Researchers at the Goethe University Frankfurt, together with partners from the University of Tübingen in Germany and Queen Mary University as well as Francis Crick Institute from London (UK) have developed a novel technology to decipher the secret ubiquitin code.

Ubiquitin is a small protein that can be linked to other cellular proteins, thereby controlling and modulating their functions. The attachment occurs in many...

Im Focus: Perovskite edges can be tuned for optoelectronic performance

Layered 2D material improves efficiency for solar cells and LEDs

In the eternal search for next generation high-efficiency solar cells and LEDs, scientists at Los Alamos National Laboratory and their partners are creating...

Im Focus: Polymer-coated silicon nanosheets as alternative to graphene: A perfect team for nanoelectronics

Silicon nanosheets are thin, two-dimensional layers with exceptional optoelectronic properties very similar to those of graphene. Albeit, the nanosheets are less stable. Now researchers at the Technical University of Munich (TUM) have, for the first time ever, produced a composite material combining silicon nanosheets and a polymer that is both UV-resistant and easy to process. This brings the scientists a significant step closer to industrial applications like flexible displays and photosensors.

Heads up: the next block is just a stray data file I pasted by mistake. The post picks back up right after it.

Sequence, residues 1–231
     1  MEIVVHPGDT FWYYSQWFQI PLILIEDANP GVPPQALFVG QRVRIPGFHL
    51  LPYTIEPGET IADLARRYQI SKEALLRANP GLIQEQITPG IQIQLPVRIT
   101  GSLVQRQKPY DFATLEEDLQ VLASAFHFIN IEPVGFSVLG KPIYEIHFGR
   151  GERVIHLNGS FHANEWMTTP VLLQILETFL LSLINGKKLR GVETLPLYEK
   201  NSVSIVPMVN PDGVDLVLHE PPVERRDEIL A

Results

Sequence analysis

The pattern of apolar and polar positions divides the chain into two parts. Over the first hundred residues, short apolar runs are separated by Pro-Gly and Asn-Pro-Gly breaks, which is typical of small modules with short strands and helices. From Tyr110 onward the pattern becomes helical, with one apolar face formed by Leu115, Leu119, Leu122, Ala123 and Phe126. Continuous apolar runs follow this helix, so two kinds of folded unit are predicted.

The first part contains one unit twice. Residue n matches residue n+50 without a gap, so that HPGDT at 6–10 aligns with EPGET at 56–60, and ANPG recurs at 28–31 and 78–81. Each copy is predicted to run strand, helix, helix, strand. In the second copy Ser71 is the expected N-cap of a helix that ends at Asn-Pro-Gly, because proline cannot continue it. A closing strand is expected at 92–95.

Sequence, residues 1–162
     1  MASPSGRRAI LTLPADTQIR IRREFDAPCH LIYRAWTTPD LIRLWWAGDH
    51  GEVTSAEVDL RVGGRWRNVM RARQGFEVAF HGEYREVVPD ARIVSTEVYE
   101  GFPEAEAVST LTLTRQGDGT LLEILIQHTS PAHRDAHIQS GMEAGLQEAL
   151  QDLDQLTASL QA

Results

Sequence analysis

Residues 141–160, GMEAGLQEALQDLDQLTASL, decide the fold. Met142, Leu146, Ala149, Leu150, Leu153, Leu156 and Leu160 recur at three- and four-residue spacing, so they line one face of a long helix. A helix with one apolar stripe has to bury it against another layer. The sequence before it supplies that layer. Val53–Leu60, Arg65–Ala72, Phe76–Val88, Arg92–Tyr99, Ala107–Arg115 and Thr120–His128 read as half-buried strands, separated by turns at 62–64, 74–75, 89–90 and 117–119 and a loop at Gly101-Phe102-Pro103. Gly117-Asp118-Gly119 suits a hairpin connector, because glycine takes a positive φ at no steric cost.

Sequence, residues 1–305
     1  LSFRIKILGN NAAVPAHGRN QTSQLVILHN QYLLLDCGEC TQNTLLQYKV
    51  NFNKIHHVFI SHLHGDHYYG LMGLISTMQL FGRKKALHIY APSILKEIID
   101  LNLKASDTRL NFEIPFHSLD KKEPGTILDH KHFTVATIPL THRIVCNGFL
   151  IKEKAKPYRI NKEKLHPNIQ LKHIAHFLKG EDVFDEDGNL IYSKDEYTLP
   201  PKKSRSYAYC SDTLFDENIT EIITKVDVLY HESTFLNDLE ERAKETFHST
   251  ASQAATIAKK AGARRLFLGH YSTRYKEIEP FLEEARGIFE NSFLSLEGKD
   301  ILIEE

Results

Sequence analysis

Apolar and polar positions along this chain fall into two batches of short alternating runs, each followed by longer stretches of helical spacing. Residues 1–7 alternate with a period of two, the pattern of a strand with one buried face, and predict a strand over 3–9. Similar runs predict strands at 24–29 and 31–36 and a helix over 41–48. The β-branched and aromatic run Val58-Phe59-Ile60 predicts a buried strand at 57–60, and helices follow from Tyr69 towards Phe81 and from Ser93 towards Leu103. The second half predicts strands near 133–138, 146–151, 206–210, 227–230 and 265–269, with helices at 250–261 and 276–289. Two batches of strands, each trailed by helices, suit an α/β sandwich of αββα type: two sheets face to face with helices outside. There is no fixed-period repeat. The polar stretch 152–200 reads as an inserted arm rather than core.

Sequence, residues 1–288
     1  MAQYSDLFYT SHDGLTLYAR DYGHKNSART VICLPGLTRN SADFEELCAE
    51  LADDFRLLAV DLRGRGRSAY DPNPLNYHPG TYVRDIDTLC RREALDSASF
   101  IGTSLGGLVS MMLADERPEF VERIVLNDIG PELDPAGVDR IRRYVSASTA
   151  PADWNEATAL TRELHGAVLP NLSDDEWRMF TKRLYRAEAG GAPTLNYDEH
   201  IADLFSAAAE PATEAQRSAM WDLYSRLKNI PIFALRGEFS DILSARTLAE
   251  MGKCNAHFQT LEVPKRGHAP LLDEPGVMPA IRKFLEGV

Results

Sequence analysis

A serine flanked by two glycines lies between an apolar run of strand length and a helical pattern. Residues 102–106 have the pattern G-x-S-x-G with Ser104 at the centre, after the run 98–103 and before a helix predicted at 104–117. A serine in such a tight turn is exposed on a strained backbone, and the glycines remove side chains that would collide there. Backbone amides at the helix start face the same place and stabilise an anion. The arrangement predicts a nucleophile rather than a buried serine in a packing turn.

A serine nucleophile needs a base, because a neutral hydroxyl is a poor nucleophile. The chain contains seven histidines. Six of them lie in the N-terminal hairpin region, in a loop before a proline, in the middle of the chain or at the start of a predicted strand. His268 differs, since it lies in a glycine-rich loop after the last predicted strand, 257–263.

Silicon nanosheets are thin, two-dimensional layers with exceptional optoelectronic properties very similar to those of graphene. Albeit, the nanosheets are...

Im Focus: Researchers Imitate Molecular Crowding in Cells

Enzymes behave differently in a test tube compared with the molecular scrum of a living cell. Chemists from the University of Basel have now been able to simulate these confined natural conditions in artificial vesicles for the first time. As reported in the academic journal Small, the results are offering better insight into the development of nanoreactors and artificial organelles.

Enzymes behave differently in a test tube compared with the molecular scrum of a living cell. Chemists from the University of Basel have now been able to...

All Focus news of the innovation-report >>>

Anzeige

Anzeige

Event News

International Land Use Symposium ILUS 2017: Call for Abstracts and Registration open

20.03.2017 | Event News

CONNECT 2017: International congress on connective tissue

14.03.2017 | Event News

ICTM Conference: Turbine Construction between Big Data and Additive Manufacturing

07.03.2017 | Event News

 
Latest News

When Air is in Short Supply - Shedding light on plant stress reactions when oxygen runs short

23.03.2017 | Life Sciences

Researchers use light to remotely control curvature of plastics

23.03.2017 | Power and Electrical Engineering

Sea ice extent sinks to record lows at both poles

23.03.2017 | Earth Sciences

VideoLinks
B2B-VideoLinks
More VideoLinks >>>